The impacts of elective surgery pauses across the globe swung Cochlear to a full-year loss in 2020, though capital raises of more than $1 billion gave it a strong foundation to weather the storm.
On Friday it revealed sales had declined one per cent in constant currency terms to $742.8 million, though statutory net profit was up 50 per cent to $236.2 million. Underlying net profit, which excluded one-off payments including government assistance, was down four per cent to $125.3 million.
The company confirmed plans to repay $24.6 million in government assistance related to COVID-19, with $23.1 million of the total from the JobKeeper program.
“Trading conditions since July have improved, and while there is still uncertainty ahead, we consider returning the COVID government assistance the appropriate thing to do,” the company said in a results presentation.
Mr Howitt said there had been a strong rebound in cochlear implant sales across the globe, though developed markets were still well ahead of emerging markets, including China at Latin America.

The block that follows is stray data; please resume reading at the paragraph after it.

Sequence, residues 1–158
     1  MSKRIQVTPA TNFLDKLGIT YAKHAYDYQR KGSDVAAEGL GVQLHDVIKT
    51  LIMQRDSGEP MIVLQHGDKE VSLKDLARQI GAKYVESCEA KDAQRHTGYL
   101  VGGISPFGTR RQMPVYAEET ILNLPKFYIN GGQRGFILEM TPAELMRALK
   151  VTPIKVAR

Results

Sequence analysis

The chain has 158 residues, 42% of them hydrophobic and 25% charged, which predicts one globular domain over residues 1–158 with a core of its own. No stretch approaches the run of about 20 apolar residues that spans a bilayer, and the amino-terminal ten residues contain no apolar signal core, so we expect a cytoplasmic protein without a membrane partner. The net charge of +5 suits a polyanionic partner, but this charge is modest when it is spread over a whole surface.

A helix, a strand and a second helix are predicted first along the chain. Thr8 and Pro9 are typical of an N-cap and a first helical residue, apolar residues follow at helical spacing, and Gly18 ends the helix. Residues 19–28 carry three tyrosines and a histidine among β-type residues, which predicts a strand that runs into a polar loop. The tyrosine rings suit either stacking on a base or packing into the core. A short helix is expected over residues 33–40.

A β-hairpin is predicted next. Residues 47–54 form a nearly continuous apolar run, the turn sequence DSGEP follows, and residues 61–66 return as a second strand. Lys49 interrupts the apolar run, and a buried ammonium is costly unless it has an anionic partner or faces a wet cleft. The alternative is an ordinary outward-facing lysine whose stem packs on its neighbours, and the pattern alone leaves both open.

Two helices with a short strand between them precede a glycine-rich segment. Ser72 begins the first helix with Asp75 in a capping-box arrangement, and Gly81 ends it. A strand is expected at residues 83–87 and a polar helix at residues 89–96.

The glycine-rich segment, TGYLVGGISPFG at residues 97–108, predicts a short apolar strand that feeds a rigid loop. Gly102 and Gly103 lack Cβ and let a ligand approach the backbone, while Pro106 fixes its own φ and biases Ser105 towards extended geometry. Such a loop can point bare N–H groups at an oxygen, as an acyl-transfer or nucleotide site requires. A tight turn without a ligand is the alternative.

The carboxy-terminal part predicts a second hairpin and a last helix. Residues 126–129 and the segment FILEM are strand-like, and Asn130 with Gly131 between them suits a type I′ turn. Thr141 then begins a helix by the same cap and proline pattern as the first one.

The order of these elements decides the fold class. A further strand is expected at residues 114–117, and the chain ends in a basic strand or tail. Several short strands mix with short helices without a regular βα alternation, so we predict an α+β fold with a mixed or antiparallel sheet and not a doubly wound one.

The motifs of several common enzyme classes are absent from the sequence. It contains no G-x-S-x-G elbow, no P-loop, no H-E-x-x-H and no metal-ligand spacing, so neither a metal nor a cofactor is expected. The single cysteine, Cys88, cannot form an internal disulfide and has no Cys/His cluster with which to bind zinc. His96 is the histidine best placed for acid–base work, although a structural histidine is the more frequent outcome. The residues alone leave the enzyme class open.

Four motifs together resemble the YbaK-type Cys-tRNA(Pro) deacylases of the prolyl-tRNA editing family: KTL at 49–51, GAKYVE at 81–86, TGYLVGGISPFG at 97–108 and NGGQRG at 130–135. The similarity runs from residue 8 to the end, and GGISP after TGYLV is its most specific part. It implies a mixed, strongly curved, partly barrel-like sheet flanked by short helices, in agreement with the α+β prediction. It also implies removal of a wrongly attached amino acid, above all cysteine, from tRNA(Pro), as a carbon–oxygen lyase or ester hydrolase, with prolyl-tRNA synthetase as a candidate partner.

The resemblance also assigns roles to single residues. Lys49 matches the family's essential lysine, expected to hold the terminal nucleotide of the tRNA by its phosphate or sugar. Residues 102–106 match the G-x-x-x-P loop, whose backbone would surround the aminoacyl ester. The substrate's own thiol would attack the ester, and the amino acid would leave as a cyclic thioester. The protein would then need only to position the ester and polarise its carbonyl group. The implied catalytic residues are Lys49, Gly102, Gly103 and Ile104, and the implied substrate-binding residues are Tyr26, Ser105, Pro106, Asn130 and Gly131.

Sales of units in emerging regions remained down 30 per cent on the same period last year, despite developed regions including the US, Japan and Korea seeing sales up 5 per cent. Mr Howitt said it would take longer for emerging markets to fully return to their pre-COVID levels.
On a call with analysts, he championed Cochlear’s ability to grow market share across the US in this period, arguing that government support and the strong capital base of the business had helped sales staff remain focused on serving clients throughout the pandemic.
“Through COVID, because we were financially secure we could say to our teams their jobs were safe… that has helped us lift share,” he said.
The company’s services revenue, which includes upgrades of hearing processors, saw sales drop by two per cent, however. Chief financial officer Stu Sayers said there had been some slowdown due to fewer in person appointments.
“We saw a significant drop in recipients wanting to come in for their annual check ups,” he said.
Mr Howitt said the company was working towards increasing the payout ratio back to 70 per cent as conditions further improved.